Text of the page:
Dembski is correct to say that my alternative explanation for the boy’s knowledge of his sister is speculative. All I would add is that (1) it is plausible speculation (see my original post), and (2) my speculation might be judged quite attractive to Christians when judged in light of the totality of evidence and the weight of discordance between the boy’s overall testimony and the biblical witness.
Dembski further states:
The NDEs that have persuaded me most are those where patients access information about their setting (usually a hospital) to which they would have had no direct access. Now one can always argue that these are not controlled experiments, and so there might have been some access after all. This is how James Randi and other skeptics deal with all psi phenomena. And I see you taking the same tack. The type of skepticism that you seem to be buying into is dealt with, in my view, effectively in Dean Radin’s THE CONSCIOUS UNIVERSE.
NDEs that Dembski finds persuasive
Dembski is persuaded by NDEs in which “patients access information about their setting . . . to which they would have had no direct access.” I would be persuaded by such NDEs as well, if we had any record of them. But we don’t. What we do have are stories, most of which are told to retrospective investigators months or years later and cannot be corroborated in any way. In the most famous case of all—hailed by pro-NDE advocates as unassailable evidence—aneurism patient Pam Reynolds offered a description of the bone saw that was used to open her skull. It was not possible for Pam to view the instrument with her eyes, for they were purposefully obstructed, plus she was under general anesthesia and had been cooled to a metabolism-halting 58 degrees. Had Pam described the bone saw accurately, it would suggest that she had obtained information by some means other than her five senses. However, it turns out that Pam got all but the most basic details about the saw wrong. Why seize upon the minority of details that Pam got correct and take these as evidence that she literally stared down at the bone saw from the ceiling and set aside the majority of details which she got incorrect? I can think of only one reason: you are motivated to accept flimsy evidence for a conclusion you already hold. Further, a great many people can describe a bone saw at least as accurately as Pam Reynolds did even if they have never entered a surgeon’s theater, for movies and television occasionally portray such instruments. Pam likely heard the whirling burr of the saw via bone conduction as it set her skull to vibrating, and in a fleeting moment of consciousness (a surprisingly common feature of patients under general anesthesia) drew upon previously viewed images of bone saws, hospital rooms, surgeons, and her own body to form an image of the scene.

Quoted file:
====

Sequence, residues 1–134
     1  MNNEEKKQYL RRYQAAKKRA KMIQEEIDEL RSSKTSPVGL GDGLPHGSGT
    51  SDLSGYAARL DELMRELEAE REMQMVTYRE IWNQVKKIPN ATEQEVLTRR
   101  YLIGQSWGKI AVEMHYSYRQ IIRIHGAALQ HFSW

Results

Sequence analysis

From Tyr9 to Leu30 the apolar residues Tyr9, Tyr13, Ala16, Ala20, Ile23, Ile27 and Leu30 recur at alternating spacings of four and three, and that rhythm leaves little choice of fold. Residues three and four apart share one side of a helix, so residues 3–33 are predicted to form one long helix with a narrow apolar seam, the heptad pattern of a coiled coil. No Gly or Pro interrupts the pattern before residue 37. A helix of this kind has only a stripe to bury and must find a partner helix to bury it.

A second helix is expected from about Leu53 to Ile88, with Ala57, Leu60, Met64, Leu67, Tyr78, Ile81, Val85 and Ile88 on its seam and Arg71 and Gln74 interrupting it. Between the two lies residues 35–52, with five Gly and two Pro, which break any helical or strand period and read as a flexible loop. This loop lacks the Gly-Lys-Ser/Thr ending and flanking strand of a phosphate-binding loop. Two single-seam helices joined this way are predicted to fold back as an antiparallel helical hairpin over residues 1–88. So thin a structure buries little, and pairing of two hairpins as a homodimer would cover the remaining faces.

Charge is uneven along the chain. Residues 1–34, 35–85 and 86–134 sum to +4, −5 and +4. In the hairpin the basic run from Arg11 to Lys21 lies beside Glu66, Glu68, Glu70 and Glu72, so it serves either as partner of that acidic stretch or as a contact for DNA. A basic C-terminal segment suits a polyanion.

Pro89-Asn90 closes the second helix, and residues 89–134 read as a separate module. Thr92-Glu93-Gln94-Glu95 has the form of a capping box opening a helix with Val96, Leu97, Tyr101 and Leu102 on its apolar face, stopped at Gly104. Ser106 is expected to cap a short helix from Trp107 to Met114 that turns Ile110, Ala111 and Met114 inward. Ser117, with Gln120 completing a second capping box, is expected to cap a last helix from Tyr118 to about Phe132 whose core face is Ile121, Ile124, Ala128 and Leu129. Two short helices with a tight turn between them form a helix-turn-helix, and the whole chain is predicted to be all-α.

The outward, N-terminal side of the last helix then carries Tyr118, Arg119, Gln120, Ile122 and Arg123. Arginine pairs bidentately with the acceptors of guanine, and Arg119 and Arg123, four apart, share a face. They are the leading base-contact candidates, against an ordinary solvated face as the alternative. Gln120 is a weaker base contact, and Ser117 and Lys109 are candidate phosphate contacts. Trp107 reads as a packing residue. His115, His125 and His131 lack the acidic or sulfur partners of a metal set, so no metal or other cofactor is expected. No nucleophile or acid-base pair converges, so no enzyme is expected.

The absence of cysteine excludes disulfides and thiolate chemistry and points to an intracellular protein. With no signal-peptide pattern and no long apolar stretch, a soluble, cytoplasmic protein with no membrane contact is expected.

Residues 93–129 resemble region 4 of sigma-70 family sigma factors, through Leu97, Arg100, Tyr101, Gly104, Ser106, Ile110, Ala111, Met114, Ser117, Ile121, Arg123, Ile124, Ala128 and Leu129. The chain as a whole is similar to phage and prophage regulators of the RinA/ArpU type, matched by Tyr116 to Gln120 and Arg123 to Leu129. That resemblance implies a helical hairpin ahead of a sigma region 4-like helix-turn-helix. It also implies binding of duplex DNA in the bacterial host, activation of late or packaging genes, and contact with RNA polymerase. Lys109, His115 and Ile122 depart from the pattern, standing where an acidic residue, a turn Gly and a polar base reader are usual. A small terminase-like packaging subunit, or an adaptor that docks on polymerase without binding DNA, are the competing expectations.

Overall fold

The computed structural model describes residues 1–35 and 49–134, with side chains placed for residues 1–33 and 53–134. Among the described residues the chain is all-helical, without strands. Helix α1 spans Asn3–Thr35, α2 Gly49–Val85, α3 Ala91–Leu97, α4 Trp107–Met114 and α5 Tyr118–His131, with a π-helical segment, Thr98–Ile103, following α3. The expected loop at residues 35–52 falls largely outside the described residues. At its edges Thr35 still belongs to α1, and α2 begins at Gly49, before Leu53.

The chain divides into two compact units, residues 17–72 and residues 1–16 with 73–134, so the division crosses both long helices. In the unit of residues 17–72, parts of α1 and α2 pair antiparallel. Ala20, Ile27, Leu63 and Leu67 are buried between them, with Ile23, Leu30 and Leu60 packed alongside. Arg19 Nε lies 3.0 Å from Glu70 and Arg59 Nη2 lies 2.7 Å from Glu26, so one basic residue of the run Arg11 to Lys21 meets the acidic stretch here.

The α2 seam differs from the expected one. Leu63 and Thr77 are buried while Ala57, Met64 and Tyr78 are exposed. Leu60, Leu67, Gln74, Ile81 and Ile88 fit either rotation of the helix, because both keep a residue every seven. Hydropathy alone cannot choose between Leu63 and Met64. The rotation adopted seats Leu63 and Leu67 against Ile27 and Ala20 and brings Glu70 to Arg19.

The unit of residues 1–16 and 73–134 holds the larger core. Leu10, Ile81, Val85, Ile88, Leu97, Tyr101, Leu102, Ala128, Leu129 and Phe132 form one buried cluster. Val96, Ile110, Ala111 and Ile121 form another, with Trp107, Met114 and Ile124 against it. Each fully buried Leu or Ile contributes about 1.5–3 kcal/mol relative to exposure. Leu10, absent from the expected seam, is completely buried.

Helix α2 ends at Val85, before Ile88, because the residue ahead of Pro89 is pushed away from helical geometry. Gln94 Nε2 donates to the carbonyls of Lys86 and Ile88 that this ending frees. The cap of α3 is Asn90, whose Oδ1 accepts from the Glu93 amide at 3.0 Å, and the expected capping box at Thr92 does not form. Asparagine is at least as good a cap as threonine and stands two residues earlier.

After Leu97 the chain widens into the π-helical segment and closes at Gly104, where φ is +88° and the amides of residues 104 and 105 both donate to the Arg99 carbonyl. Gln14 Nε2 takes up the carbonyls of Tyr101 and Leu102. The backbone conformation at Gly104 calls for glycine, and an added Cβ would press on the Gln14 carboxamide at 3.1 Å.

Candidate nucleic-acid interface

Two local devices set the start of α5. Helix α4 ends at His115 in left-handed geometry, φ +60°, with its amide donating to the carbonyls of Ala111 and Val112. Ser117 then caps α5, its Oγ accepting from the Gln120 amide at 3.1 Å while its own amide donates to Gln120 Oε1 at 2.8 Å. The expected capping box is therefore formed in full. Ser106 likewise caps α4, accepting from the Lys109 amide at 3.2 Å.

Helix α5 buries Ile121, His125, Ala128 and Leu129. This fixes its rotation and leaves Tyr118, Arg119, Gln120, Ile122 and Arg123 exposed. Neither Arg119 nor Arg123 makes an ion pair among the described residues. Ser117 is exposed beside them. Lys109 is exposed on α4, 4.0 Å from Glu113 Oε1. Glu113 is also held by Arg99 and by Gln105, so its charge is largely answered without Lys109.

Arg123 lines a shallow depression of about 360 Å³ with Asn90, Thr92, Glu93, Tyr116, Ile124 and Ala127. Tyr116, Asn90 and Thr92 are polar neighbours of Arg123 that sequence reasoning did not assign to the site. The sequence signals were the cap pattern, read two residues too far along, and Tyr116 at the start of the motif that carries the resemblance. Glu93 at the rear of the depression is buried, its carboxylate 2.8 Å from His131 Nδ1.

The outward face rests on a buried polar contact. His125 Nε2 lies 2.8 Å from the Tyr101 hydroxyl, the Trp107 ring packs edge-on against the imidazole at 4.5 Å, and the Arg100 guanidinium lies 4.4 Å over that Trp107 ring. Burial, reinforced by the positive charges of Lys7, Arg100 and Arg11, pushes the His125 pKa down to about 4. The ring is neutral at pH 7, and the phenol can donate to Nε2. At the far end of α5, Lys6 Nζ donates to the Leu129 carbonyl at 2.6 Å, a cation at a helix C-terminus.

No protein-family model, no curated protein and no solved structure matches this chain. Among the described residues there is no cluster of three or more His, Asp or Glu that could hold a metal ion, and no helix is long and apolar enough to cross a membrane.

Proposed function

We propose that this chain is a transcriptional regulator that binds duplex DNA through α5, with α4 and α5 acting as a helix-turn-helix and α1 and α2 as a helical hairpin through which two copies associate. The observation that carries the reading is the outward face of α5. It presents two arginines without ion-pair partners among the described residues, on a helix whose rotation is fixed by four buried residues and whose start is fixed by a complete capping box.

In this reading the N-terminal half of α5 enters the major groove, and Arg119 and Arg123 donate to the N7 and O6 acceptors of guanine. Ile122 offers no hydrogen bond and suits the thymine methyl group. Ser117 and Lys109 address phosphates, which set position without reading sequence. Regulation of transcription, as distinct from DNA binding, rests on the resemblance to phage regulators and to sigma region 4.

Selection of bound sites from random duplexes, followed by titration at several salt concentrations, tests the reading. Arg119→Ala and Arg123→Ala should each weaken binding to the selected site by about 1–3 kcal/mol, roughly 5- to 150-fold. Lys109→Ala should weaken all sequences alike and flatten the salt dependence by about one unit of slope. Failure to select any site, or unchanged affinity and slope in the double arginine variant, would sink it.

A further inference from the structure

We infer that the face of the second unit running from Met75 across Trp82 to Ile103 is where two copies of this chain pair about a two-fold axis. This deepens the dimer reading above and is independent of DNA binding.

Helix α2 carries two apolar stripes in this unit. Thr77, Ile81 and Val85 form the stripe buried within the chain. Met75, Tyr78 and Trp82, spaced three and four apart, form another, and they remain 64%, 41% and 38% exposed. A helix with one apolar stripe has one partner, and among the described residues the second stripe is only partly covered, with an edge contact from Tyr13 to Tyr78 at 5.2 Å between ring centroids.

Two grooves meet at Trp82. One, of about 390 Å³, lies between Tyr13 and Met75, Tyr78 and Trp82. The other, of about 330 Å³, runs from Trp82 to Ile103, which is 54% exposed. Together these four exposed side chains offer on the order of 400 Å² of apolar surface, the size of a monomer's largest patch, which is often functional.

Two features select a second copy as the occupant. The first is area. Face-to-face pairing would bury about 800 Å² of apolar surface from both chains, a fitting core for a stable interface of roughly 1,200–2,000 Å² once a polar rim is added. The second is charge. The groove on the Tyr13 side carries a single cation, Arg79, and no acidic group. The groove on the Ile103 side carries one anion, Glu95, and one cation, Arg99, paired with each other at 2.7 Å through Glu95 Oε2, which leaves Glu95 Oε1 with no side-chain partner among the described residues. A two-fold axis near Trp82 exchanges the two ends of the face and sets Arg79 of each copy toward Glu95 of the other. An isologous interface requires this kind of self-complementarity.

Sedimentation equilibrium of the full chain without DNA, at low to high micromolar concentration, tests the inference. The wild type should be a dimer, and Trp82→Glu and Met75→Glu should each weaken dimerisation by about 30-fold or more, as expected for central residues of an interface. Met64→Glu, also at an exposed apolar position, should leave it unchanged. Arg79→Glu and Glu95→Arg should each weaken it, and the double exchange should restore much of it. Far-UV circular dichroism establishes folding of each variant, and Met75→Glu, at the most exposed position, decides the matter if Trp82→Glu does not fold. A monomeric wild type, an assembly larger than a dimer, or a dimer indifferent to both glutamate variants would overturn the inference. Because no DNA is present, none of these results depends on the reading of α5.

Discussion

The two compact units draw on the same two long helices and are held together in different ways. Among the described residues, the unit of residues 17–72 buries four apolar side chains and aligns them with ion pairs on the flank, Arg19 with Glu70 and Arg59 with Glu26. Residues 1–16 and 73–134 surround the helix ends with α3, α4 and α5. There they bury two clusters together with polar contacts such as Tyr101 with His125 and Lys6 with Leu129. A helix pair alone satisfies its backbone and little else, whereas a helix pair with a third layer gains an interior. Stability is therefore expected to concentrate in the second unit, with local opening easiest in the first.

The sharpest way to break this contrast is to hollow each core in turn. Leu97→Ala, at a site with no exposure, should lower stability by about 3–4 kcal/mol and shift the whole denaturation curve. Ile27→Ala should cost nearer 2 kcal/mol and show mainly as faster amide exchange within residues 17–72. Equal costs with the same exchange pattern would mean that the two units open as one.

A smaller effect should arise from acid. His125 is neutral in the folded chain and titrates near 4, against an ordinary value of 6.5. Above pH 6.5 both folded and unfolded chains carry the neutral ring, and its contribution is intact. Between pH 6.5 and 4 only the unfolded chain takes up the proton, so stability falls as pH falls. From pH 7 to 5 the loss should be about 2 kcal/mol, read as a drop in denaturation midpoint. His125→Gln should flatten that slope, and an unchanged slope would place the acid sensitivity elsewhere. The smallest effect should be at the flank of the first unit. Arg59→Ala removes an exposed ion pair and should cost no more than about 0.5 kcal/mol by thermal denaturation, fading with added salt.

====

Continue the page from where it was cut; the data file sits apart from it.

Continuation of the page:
The problem of assessing testimony and anecdotes
We all face a challenge when sorting out the merits of testimony and anecdotal evidence. Simply put, all too often we are biased, sloppy, and lazy. We prejudge a matter, deciding for or against a witness based on sketchy factors. We accept testimony and anecdotes uncritically when they fit with our expectations and our worldview, and reject them just as uncritically when we perceive that they clash against beliefs we cherish. And how often are we genuinely thorough in vetting the claims presented to us? How often do we search the foundations upon which our opinions are based? I suggest that many who read pro-NDE accounts seize upon the testimonies and conclusions of NDE experiencers since it affirms their afterlife views, and never bother to read or take seriously the critical accounts. They recite the “evidence” to others, everyone feels uplifted, inspirational movies are made, and the nagging details undermining NDE credibility go unmentioned.
Speaking of sorting out testimonies, I’m reminded of a circumstance that played out in my home this morning. One of my sons came down from his shared bedroom reporting that his older brother had awakened him at 11:28 PM by sending and receiving text messages. The details were abundant, precise, and plausible. In the larger context, the offending brother has really been glued to his iPod lately. Nothing about the younger son’s report suggested I should suspend belief. Thus when the accused came downstairs, I started to give a lesson on iPod protocol, but I was cut short when he pointed out that his iPod had been sitting in my office charging all night long. So it turns out that little brother had a vivid dream which he mistook for reality. He was misled by a dream, and I was misled by accepting his plausible report. I share this story to illustrate that many plausible, heartfelt testimonies are literally untrue, and it sometimes takes tenacity to arrive at the truth. Furthermore, and as a further aside, if vivid dreams can be mistaken for reality, is it any stretch to suggest that the strivings of a death-endangered brain can have the same impact, especially when modern medicine has shown that a brain in crisis will do things electrically and chemically that promote heightened states of consciousness and feelings of euphoria?